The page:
The 21st Century
C. Roger Bleile
OAK LEAF – A design, commonly engraved on German and Austrian
arms, consisting of oak leaves and acorns. Though most prevalent on
Germanic arms, engravers of other nationalities use this style
occasionally. In German, oak leaf decoration is called “Eichenlaubornament.”
Pictured are examples of oak leaf engraving on four guns; an A. H. Fox,
Smith & Wesson, the bolster of a German shotgun, and oak leaves used as
part of a scroll design by Gustave Young.
OCCUPATIONAL ENGRAVER – An engraver who earns their entire
living as an engraver. A “full time” engraver, as opposed to a “part
time” engraver or hobby engraver.
OFF SHADING – A light cut or hairline spaced away from the
regular shade cut engraved into fill-in letters.
OMEGA – See:
LINDSAY OMEGA AIR CHASING GRAVER
ONGLETTE – A traditional style graver which when viewed from the
face has a profile resembling a boat hull in cross section. Onglettes
are also known as a “point” graver. Onglette graver blanks can be found
in sizes from #00000 to #8.
Pictured is an onglette graver blank and the face profile of an
OPTIVISOR - A precision binocular headband magnifier
manufactured by Donegan Optical Company, Inc. of Lenexa, Kansas. Most
hand engravers, who are not using a microscope, utilize an OptiVISOR™
or a similar product while engraving. Among hand engravers, the term
optivisor is often used generically to refer to any headband binocular
Pictured is an OptiVISOR™ and a photo of the late Neil Hartleip wearing
an OptiVISOR™ while working.
ORNAMENTAL ENGRAVING – The engraving of ornamental motifs,
scenes, and figures on items of utility such as armor, edged weapons,
flatware, guns, hollow ware, jewelry, and motor vehicle parts as
opposed to the engraving of plates for the printing of banknotes or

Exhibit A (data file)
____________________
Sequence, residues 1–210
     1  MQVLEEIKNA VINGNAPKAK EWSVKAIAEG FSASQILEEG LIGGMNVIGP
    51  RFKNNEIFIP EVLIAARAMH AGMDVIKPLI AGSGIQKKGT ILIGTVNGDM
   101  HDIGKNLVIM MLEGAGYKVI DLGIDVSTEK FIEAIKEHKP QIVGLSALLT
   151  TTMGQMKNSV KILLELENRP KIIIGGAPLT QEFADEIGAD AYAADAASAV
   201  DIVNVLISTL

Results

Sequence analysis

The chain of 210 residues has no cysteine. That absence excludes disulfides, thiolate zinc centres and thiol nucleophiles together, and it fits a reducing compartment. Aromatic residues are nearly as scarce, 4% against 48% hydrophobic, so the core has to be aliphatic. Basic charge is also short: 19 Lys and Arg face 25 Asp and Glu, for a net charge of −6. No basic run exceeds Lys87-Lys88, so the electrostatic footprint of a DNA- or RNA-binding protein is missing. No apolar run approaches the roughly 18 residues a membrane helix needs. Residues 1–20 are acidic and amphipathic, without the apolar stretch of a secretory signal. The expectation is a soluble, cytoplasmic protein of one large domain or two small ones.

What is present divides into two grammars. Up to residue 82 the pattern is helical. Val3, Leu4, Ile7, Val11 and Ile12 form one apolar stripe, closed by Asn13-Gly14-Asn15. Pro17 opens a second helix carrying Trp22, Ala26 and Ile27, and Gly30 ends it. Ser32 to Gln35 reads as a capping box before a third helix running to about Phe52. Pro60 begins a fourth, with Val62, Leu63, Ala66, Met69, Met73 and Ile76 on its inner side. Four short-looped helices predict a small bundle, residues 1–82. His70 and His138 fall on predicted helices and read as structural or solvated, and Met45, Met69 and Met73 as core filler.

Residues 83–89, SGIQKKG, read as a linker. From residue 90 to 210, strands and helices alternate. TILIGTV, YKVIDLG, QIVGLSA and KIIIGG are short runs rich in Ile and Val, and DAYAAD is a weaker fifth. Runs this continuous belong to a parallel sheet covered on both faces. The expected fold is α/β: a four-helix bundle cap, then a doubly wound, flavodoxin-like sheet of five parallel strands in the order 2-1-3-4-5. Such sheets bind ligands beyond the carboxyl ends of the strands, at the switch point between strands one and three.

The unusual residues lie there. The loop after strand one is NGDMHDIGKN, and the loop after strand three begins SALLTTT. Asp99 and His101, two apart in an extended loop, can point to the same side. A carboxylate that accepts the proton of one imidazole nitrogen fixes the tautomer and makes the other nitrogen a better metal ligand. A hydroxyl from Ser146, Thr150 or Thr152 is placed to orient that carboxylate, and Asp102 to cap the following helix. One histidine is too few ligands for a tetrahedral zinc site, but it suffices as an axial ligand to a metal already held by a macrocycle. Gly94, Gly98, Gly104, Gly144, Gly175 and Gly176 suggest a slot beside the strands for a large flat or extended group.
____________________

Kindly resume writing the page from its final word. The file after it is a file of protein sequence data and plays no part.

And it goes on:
ORNATO – Italian: Literally – adorned. Used by Italian gun
engravers to denote an ornate style of Italianate scrollwork.
Pictured is an Italian O/U shotgun ornato engraved by Piardi and the
receiver of a Winchester model 1892 ornato engraved by Carl B. Bleile
OUTLINING – A term used by hand engravers when referring to the
engraving of scroll backbones (spirals) and the outlines of the
flowers, leaves, and tendrils. Outlining is one of three basic tasks in
the engraving of ornamental designs. These three are: outlining,
shading, and backgrounding. There are styles of engraved ornamentation
that omit either backgrounding and/or shading. For instance sculpted
relief ornament is not shaded as shading is only a substitute for
actual relief. Flare cut scroll requires neither shading nor
backgrounding as the beveled outlining cuts create a relief appearance
that contrast with a plain background.
Pictured is a shotgun receiver in the process of being engraved. The
black arrow points to scrollwork that has been outlined and the white
arrow points to scrollwork that has been outlined and the background
removed. The next step will be the shading of the leaves with hatching
OUTSIDE WORK – In reference to English fine scroll, the “outside
work” is the tiny engraved leaves and tendrils that form the outside
edge around the scrolls.
OVAL GRAVER – A graver which when viewed from the face is oval
in profile. Ovals are one of the least commonly used gravers. Oval
graver blanks come in sizes from #60 to #67.
Pictured is an oval graver blank and the face profile of an oval
OVERLAY – The process of attaching a precious metal design,
lettering, or figure to the surface of a metal object such as a belt
buckle, gun, knife, ring, or watch. This can be done by various
methods, including soldering, brazing, plating, or roughing the surface
with “teeth” and hammering on the overlay. Gun engravers cannot solder
on overlays if the gun is to be blued because the bluing salts can
damage the solder and cause the overlay to fall off.